Lowering 3D panning effect in channels

Our game is a top-down 2D game, and we are playing most of our sounds via FMod Studio events. However, as a fallback for modders, we have the ability to define simple sounds to play, and for this we use the low-level API.

Now the problem with this is that if such a “simple” sound is emitted on the left side of the player, the sound is mostly panned on the left ear, and barely audible on the right ear. In our FMod Studio events we have the 3D Panner set up to minimize this effect, but I can’t seem to imitate this for the low-level API channels.

This is how we create our FMOD::Sound objects:

  FMOD::Sound* sound;
  auto ret = m_lowLevelEngine->createSound(src->GetData(),
    &exinfo, &sound);

We then play the sound and get its channel like this: (we unpause it a bit later)

  m_lowLevelEngine->playSound(ss, grp, true, &chnl);

Then, we set the 3D position in the channel directly after initialization as well as on update whenever the sound source changes position: (SOUND_SCALE is 64.0f)

  FMOD_VECTOR vel = { 0, 0, 0 };
  FMOD_VECTOR position = { pos.x / SOUND_SCALE, pos.y / SOUND_SCALE, pos.z / SOUND_SCALE };
  chnl->set3DAttributes(&position, &vel);

But this causes the extreme panning that I’m trying to avoid/minimize.

I’ve tried adding a 3D panner DSP to the channel in an attempt to mimic the Studio event’s properties in this channel, but it doesn’t make a lot of difference: (I’ve tried a bunch of different values for these as well)

  FMOD::DSP* panDSP = nullptr;
  m_lowLevelEngine->createDSPByType(FMOD_DSP_TYPE_PAN, &panDSP);
  panDSP->setParameterFloat(FMOD_DSP_PAN_2D_DIRECTION, 0.0f);
  panDSP->setParameterFloat(FMOD_DSP_PAN_2D_EXTENT, 0.0f);
  panDSP->setParameterFloat(FMOD_DSP_PAN_3D_MIN_DISTANCE, desc.m_minDist / SOUND_SCALE);
  panDSP->setParameterFloat(FMOD_DSP_PAN_3D_MAX_DISTANCE, desc.m_maxDist / SOUND_SCALE);
  panDSP->setParameterFloat(FMOD_DSP_PAN_3D_MIN_EXTENT, 360.0f);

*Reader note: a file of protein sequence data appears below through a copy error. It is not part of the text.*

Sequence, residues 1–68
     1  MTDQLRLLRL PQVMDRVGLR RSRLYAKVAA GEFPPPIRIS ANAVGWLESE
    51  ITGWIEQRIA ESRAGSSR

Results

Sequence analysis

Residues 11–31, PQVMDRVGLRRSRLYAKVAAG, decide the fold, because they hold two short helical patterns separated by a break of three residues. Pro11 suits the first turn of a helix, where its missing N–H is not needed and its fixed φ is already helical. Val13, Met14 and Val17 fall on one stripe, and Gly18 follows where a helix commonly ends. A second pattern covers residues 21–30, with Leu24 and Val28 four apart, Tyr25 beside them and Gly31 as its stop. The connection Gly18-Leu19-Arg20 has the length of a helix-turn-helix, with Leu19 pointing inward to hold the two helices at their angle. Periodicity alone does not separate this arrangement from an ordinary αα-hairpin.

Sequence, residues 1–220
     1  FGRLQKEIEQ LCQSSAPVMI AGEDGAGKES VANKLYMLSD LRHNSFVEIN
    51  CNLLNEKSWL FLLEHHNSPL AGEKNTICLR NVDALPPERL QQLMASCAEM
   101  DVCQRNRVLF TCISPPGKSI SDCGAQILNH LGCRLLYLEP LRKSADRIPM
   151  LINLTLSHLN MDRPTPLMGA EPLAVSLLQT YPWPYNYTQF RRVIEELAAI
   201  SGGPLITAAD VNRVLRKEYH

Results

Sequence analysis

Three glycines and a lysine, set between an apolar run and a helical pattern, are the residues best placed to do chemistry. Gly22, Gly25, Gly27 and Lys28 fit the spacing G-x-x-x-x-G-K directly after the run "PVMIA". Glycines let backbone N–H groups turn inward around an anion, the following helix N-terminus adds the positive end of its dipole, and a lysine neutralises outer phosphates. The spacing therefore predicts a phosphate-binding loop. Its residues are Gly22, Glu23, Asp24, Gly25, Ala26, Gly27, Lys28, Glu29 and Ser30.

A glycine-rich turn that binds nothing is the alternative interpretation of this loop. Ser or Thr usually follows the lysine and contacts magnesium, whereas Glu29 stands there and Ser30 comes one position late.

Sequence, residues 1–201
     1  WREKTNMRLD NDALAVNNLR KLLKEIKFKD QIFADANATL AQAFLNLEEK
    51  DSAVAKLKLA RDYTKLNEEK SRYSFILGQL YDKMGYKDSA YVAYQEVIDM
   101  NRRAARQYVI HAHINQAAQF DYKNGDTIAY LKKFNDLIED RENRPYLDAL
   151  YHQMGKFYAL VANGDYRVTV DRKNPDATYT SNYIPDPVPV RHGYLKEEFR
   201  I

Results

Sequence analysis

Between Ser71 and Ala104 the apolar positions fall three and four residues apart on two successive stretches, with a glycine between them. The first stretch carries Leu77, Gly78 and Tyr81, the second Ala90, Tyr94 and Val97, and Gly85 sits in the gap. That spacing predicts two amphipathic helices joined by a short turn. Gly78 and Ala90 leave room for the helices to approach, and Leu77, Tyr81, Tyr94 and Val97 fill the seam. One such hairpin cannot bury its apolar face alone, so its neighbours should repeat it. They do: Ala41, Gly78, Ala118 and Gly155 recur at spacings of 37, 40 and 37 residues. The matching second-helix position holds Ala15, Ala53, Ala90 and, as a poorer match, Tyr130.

panDSP->setParameterFloat(FMOD_DSP_PAN_3D_PAN_BLEND, 0.05f);
  chnl->addDSP(0, panDSP);

What am I missing? Any help or pointers to put me in the right direction would be appreciated. Thanks!

Checkout the 3D project in the LowLevel API examples (api/lowlevel/examples/3d.cpp).
You don’t need to add a panner to the 3D sound because the system will set a matrix on the channel fader or channelgroup fader, and use its own code in update to do the 3d calculations.

This allows you to use event->set3DMinMaxDistance() and channel->set3DAttributes.

That example is pretty much what we were doing before, but how would I stop or lessen the panning/fading on each channel with this when the sound source is on the left or right side? Is the only thing you can do here tweak the sound scale?

You can use Channel::set3DLevel to make the sound more ‘2d’, ie if it was 0.0 there would be no panning or doppler or attenuation. If it is 1.0 (default) it is fully 3d. you can get a good blend inbetween, and especially if it is distance based, to avoid ‘flipping’ from one speaker to another for example.
This is pretty much how the auto envelopment works in studio.

Pulling the listener up from the plane also helps lessen the harshness of panning and makes it bleed in each speaker more too.

Thanks for the reply. Sadly, set3DLevel does not help me here, because I do want the volume to be lower when the sound is emitted at far distance. Setting this value to anything lower than 1.0 will make it hearable from far away distances.

Setting the height of the sound does kind of work to lower the weird effect you get when the sound is on top of you (where you only hear the sound from 1 ear), but when the sound goes further away from you, you of course still hear it in 1 ear.

So I don’t think either of these solutions will work for me. :confused:

An alternative method to make the panning bleed but not the volume, is to use set3DLevel, and FMOD_3D_CUSTOMROLLOFF when loading the sound, so volume is not done at all in 3d, just panning.

You can then simply use setVolume(distance > mindistance ? mindistance / distance : 1.0f); for example to attenuate the signal yourself.